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Urban Design

Science fiction urbanism

Science fiction? Urbanism? What are we talking about? This is an urban design blog, not one dedicated to discussions of intergalactic wars of the future. You are probably saying all these things to yourself, but I am really going to try and connect the two.

Science fiction

I am normally not a fan of classifying things and forcibly compartmentalising them into little boxes.  But I am going to do so here in order to relate the vast quantities of science fiction to this article. If we absolutely had to classify science fiction, we could probably say there are two main kinds. The first is a quasi-utopian world (or galaxy, or universe), where many real world problems have been solved by advances in technology, though of course the inhabitants face an entirely different set of problems. Many famous works of science fiction would fall under this category- Asimov’s Foundation series, Arthur C Clarke’s Space Odyssey series, a lot of Philip K Dick etc. The second is more pessimistic and usually set in either a dystopian or a post-apocalyptic world. Cormac McCarthy’s The Road comes to mind as an example of this category.

There are few science fiction novels or movies where human existence has neither been vastly improved by great leaps of technology, nor been dramatically reduced by an apocalyptic event, but instead moves on, humdrum, and fairly recognisable.  Perhaps that is the purpose of any general novel, and not science fiction, though I always thought that science fiction was meant to imagine probable futures. One would presume this included a middle road between tech-utopia and near-self-destruction, living within the limits of what the earth can provide without colonising distant galaxies.

.. and urban problems

Anyway, that was deviating from the main point, about science fiction solving urban problems. In this article, I am going to deal with the first type- the quasi-utopian version, and some of the solutions imagined for all our urban woes.

How did writers think we would go from landing on the moon to colonising galaxies in a few decades? I like to think of the 60s as the golden age of science fiction, and this was the age of space flights and moon landings. For the first time in mankind’s history, we had put people out in space, triggering the romantic imaginings of many writers. The possibilities were limitless. By this time, we should have at least colonised Alpha-Centauri.

But since we haven’t, we continue to struggle on in our ever-more-crowded single planet, trying to find solutions for our urban woes. Just imagine if we had science fictions solutions all ready to hand, just how much better our lives would be.

Overcrowding? No problem. Move people to another planet. Many science fiction novels imagine that the human population has expanded beyond anything the earth can sustain. But by the time this happens, mankind has successfully colonised far-away planets and galaxies. Unfortunately, while Arthur C Clarke imagined that we’d have at least colonised the moon by 2001, and send manned missions to Jupiter, here we are in 2012, thrilled at the pictures an unmanned Mars missions sends us. Nor have we worked out how to travel through wormholes in the space-time continuum to travel faster than light and make intergalactic trade a practical proposition.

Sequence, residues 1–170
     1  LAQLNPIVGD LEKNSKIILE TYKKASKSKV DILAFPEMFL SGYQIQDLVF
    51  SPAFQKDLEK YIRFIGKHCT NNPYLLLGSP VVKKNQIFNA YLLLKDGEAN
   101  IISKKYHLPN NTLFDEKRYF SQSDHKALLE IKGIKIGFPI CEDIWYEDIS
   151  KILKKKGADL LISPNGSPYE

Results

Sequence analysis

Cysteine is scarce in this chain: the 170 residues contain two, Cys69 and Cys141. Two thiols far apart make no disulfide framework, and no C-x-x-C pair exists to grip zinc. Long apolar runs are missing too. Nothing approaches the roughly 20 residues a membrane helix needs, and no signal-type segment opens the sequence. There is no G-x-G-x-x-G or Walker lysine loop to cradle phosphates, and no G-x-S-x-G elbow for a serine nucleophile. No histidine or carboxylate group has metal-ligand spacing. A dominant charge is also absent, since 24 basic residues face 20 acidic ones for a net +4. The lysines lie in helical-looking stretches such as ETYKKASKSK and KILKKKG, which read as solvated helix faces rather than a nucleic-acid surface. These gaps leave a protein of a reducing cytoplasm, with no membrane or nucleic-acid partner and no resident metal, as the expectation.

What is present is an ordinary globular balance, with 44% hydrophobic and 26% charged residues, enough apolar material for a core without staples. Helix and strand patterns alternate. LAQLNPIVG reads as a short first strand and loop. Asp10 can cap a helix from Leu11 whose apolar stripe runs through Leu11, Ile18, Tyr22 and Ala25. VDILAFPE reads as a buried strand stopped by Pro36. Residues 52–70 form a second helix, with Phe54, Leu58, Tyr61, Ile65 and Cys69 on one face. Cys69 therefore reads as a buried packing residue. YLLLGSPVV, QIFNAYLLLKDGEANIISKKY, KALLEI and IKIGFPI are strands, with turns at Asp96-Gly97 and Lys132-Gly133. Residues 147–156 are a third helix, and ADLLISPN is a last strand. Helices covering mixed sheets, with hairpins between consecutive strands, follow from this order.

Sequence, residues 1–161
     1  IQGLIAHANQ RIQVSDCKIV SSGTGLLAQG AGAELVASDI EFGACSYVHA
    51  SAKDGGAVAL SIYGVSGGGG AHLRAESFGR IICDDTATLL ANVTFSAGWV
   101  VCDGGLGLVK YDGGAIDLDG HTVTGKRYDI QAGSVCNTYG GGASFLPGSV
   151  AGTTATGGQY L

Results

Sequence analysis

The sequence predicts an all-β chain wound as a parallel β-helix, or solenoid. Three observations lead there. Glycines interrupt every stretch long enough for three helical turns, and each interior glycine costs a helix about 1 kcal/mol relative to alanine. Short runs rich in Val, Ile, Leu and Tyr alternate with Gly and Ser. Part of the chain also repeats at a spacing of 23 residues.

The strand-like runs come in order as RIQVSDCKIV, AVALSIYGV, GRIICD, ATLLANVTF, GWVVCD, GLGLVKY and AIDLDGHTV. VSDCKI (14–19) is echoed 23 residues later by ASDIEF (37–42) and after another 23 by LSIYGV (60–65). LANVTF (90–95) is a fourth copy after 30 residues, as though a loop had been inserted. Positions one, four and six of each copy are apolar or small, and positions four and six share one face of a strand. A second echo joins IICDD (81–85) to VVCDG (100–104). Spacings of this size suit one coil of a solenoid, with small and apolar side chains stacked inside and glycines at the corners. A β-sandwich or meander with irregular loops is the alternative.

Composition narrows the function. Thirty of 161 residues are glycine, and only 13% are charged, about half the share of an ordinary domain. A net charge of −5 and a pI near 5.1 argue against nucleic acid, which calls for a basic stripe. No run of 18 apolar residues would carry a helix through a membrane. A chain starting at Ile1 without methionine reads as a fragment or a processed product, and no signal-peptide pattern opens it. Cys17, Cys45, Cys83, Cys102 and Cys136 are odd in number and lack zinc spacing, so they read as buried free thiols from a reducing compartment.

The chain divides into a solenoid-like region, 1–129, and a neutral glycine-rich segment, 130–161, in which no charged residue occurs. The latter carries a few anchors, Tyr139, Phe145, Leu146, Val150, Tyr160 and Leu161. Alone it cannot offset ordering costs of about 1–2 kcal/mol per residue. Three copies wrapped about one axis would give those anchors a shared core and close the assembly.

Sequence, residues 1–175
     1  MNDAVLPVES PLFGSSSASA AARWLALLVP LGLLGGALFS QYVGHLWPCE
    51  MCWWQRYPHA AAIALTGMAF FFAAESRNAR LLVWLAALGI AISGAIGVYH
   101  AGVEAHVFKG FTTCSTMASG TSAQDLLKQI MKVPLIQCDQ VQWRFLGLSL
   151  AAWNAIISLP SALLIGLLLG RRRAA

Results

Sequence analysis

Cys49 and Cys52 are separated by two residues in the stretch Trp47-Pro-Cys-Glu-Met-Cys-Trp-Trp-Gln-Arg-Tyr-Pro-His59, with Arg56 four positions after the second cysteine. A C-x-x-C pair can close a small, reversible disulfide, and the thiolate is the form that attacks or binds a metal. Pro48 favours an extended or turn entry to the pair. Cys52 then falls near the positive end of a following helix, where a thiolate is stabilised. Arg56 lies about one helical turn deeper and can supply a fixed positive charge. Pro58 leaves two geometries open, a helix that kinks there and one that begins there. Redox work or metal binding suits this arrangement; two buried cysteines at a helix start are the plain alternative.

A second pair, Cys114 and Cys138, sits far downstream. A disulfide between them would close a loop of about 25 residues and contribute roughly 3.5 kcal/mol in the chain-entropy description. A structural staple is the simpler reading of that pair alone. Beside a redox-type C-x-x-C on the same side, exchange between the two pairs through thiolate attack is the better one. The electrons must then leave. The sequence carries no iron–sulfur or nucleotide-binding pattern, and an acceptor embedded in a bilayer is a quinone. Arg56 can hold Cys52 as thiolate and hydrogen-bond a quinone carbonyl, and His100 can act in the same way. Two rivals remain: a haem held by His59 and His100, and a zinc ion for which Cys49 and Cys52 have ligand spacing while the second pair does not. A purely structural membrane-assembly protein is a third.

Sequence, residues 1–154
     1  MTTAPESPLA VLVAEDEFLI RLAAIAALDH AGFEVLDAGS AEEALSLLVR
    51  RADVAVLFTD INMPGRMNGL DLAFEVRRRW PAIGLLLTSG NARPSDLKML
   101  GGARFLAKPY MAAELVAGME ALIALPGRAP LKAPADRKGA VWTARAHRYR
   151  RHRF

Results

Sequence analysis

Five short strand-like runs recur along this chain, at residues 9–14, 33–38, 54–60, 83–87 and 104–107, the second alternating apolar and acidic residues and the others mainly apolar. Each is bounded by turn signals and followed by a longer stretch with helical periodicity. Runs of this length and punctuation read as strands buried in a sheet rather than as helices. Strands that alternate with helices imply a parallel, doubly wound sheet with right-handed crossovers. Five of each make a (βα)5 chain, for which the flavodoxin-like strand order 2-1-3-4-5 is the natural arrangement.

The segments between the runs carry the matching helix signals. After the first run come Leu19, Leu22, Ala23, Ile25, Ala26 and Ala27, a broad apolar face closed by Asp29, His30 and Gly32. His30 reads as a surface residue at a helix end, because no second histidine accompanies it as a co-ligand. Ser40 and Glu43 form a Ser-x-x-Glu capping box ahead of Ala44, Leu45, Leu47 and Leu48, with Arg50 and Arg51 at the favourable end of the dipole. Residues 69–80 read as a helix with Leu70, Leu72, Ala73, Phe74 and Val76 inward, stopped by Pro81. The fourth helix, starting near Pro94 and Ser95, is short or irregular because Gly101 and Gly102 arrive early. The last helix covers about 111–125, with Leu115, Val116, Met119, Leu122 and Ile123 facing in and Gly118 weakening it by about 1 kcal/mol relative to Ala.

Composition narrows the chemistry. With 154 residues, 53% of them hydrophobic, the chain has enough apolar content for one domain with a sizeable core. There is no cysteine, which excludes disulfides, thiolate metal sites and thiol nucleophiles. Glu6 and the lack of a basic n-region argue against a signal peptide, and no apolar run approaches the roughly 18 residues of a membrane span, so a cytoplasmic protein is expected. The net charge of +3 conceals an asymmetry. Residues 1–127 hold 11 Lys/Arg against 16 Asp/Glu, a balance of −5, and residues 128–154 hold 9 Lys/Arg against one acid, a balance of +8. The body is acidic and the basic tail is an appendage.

Running out of oil? Urban transport and moving goods to people is a problem? The latest engines run either on cryo-technology or nuclear fusion or using ‘dark energy’. Reality check: rockets still run on solid fuel and cars on petrol.  We are trying to promote walking and bicycling, not hover jets.

Climate change? New planet’s atmosphere not favourable? Introducing the planet-wide climate control dome which will enable people in the UK to stop complaining about the bad weather. You can almost see the advertisements showing a bikini-clad woman sunning herself on the warm banks of the Thames.

I just finished the week’s hellish commute by moving slower than a snail while breathing in the equivalent of several cigarette packs of smoke. Bangalore commutes were probably included in Dante’s seven circles of hell. Where are the hover jets we were all promised? The auto drivers here sometimes behave like they’re driving hover jets, but that still does not make an auto a hover jet.

What is your opinion? Do you think science fiction did solve many problems- we only need to sort out the minor technicalities of how to do all those things- colonising galaxies, endless energy and so on. Or are they childish fantasies like the little green men of Mars? Can you think of a futuristic technology to solve any of our current urban problems? Or do you have a favourite fictional one? Do share your thoughts below the line! 

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Discussion

One thought on “Science fiction urbanism

  1. Science Fiction is not very good at predicting the future. If it was; we would all be hopping about with Time Machines, living 20,000 leagues under the sea, or (my personal favorite) flying around strapped to jet packs. Instead; we walk around with little boxes that talk to each other, send letters through the air, pay for things with plastic cards and float through the air in big metal tubes with wings. We live in Science Fiction… Just not ours.

    Posted by Nischal R Buddhavarapu | April 15, 2013, 9:36 pm

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